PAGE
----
How do you up the emotional ante on "The Bachelorette"? How do you make all the players more vulnerable and create a show that's twice as awkward and packed with more cringe-worthy moments? The folks at "Must Love Kids" (8 p.m., TLC) may have the answer.
"Love" profiles three single mothers who explain, over predictable montages of hugs and play dates at the park, how the marriage part of their lives just didn't work out, and how they have come to define themselves as mothers first and foremost. Each of the three women uses the same phrase - "I've come to a place in my life" - to express a sense of contentment. But we all know there's something missing.
Why else would they submit themselves to reality television? "Love" is "The Bachelorette" without a host or a safety net. There's no Chris Harrison around to keep the conversation flowing or to initiate rose ceremonies. These women are on their own as they confront six men at an informal mixer.
As you can imagine, the conversation does not go smoothly. One nervous gent insists on doing a "Milli Vanilli" dance. An earnest Californian makes an awkward gift of a personal diary. One blurts out, "So, what are you looking for in a man?" Another nervously tries to impress. He insists that he once had lunch with "Doogie Howser."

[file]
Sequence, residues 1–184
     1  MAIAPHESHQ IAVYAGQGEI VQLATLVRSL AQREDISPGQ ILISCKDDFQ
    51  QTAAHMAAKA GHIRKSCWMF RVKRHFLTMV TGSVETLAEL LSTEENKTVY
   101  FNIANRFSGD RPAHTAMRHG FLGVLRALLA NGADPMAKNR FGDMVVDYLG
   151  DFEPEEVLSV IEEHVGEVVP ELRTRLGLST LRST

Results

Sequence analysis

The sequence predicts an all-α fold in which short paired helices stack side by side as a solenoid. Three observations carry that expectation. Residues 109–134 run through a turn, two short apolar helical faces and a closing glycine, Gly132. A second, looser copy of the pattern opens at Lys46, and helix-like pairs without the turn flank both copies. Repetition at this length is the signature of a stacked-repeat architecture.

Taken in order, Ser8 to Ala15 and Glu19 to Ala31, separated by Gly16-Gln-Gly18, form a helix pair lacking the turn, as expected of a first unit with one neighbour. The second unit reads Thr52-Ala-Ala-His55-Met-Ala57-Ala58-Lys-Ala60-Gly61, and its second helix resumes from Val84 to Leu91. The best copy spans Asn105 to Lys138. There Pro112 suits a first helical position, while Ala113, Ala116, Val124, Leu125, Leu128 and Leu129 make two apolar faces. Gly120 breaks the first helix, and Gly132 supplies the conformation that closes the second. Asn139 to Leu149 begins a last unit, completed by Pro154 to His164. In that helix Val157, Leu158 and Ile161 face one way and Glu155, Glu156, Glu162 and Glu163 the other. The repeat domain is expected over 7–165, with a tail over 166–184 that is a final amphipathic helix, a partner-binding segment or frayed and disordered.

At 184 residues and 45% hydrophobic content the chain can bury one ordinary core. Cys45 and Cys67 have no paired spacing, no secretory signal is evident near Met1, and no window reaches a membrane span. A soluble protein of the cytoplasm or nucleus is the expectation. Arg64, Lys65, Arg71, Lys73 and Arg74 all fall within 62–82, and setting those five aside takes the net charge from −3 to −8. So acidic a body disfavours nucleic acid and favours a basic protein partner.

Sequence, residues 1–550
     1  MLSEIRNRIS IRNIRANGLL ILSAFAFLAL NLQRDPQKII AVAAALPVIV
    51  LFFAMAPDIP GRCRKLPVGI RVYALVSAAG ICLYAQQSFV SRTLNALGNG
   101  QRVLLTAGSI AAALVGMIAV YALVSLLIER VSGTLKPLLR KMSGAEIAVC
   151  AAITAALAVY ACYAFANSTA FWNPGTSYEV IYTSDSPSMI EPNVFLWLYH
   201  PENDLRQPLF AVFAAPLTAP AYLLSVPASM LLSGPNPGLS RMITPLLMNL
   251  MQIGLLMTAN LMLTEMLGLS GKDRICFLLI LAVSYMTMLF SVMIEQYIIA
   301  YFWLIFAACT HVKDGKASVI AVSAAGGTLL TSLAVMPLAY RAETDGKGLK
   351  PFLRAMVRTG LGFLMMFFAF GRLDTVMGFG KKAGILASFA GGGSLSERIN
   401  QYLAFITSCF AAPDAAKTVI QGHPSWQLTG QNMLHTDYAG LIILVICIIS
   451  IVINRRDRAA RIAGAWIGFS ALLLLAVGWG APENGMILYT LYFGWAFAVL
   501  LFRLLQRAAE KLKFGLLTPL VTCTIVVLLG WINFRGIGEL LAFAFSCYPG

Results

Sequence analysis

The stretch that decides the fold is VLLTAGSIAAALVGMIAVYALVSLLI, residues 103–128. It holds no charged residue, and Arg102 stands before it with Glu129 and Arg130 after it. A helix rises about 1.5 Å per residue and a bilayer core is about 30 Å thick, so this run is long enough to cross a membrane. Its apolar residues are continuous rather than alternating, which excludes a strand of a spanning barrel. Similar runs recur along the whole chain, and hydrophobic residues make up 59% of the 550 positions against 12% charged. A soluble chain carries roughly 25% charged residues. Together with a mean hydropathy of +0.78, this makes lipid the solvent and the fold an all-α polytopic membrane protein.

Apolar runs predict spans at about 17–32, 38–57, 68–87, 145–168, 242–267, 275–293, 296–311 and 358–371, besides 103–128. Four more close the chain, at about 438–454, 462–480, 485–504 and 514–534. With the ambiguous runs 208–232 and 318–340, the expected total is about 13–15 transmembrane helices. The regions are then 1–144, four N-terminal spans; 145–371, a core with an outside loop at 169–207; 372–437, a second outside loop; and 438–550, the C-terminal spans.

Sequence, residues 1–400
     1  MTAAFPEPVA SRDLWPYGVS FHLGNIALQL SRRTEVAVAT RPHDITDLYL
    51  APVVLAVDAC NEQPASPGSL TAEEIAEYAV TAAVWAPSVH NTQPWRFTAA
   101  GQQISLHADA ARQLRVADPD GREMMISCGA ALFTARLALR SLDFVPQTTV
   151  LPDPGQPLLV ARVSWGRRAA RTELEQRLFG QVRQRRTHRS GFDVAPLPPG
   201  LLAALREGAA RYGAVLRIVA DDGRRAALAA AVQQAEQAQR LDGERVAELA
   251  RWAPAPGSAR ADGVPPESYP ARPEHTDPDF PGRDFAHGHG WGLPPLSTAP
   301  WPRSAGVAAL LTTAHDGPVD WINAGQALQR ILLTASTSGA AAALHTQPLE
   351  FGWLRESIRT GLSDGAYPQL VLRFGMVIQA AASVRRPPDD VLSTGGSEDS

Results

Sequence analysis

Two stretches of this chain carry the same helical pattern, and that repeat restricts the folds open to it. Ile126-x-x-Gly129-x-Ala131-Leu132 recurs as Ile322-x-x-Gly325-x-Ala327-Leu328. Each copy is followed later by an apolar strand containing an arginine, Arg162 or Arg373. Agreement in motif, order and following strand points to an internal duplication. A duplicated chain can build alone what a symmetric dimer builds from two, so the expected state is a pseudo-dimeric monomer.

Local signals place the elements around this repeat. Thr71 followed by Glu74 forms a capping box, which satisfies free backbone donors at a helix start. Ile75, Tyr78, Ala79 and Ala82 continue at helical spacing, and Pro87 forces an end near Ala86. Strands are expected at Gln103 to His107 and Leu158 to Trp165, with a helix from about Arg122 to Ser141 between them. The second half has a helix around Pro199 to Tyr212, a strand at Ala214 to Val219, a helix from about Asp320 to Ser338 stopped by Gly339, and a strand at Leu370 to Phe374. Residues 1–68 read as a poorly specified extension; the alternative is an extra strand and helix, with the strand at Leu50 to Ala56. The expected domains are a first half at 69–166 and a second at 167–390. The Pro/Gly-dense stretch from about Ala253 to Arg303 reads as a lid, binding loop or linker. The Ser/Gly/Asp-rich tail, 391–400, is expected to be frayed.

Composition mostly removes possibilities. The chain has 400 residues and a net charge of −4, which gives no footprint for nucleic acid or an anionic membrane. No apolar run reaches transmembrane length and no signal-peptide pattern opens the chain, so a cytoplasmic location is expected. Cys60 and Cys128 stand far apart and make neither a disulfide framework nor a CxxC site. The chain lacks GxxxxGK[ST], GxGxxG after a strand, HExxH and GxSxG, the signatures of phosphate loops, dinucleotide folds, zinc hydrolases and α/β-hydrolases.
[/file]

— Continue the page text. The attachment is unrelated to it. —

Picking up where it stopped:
Most of these guys are in their late 30s, and some have kids of their own. This all makes for a dating chemistry that is more serious, sober and slightly desperate. These guys have loved and lost. They have lost hair. Don't go looking for the divas and gamesmanship of "The Bachelor."
This is a reality show with more than a whiff of real life. Anybody who has been on a bad first date can relate to and possibly even enjoy "Must Love Kids."
¢ Benjamin Bratt ("Law & Order") returns to episodic television in "The Cleaner" (9 p.m., A&E;). He plays William Banks, a former struggling addict who makes a deal with the divine. To beat his demons, he will devote his life to helping others kick the habit. A self-styled "extreme interventionist," Banks goes way above and beyond the normal to help the addicts who cross his path.
It's interesting to note that this is A&E;'s first original scripted drama in six years - and the first to arrive in the wake of the network's popular reality series "Intervention."
Tonight's other highlights
¢ Major League Baseball begins to say goodbye to Yankee Stadium at the 2008 All-Star Game (7 p.m., Fox).
¢ Scheduled on "Wide Angle" (8 p.m., PBS): midwives in Mozambique.
¢ Arctic ice makes for a difficult passage on "Deadliest Catch" (8 p.m., Discovery).
¢ Scheduled on "Primetime" (9 p.m., ABC): family secrets.
¢ A statue to a Spanish hero divides El Paso, Texas, in the film "The Last Conquistador" on "P.O.V." (9 p.m., PBS).
¢ Fonzworth Bentley hosts the male-makeover show "From G's to Gents" (9 p.m., MTV).
A woman passes ordinary hours while awaiting crucial news in the 1961 French drama "Cleo From 5 to 7" (6:25 p.m., IFC), directed by Agnes Varda.